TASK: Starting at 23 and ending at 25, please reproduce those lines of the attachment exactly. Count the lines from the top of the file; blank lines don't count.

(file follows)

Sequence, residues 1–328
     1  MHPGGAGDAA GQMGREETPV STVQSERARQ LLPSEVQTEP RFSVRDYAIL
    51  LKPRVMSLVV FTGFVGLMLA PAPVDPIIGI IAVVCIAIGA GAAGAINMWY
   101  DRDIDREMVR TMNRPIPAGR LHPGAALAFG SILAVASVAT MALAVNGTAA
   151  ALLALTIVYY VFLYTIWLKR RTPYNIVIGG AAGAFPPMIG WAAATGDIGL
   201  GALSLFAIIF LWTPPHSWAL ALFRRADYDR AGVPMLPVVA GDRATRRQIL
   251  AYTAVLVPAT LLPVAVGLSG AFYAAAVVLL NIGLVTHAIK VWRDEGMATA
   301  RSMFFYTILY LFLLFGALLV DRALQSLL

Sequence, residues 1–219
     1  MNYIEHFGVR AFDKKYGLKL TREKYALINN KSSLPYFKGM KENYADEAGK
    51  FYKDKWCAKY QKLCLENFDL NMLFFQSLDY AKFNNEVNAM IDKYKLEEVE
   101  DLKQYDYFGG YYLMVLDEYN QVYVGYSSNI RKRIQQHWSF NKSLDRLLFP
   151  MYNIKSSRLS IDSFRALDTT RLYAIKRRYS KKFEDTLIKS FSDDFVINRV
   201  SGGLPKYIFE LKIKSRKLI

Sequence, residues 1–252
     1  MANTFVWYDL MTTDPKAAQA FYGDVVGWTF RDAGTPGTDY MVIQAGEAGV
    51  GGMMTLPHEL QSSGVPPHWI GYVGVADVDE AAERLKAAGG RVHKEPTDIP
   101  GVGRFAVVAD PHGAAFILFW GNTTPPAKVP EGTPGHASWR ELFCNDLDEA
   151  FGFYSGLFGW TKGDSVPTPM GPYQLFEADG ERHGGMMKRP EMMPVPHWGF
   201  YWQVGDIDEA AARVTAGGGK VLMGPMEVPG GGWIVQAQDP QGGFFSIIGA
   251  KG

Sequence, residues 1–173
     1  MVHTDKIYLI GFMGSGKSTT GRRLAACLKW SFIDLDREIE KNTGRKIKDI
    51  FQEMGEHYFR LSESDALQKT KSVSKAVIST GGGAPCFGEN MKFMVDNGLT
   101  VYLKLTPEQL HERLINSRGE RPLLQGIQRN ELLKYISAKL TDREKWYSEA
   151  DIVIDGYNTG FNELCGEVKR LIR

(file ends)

     1  MVHTDKIYLI GFMGSGKSTT GRRLAACLKW SFIDLDREIE KNTGRKIKDI
    51  FQEMGEHYFR LSESDALQKT KSVSKAVIST GGGAPCFGEN MKFMVDNGLT
   101  VYLKLTPEQL HERLINSRGE RPLLQGIQRN ELLKYISAKL TDREKWYSEA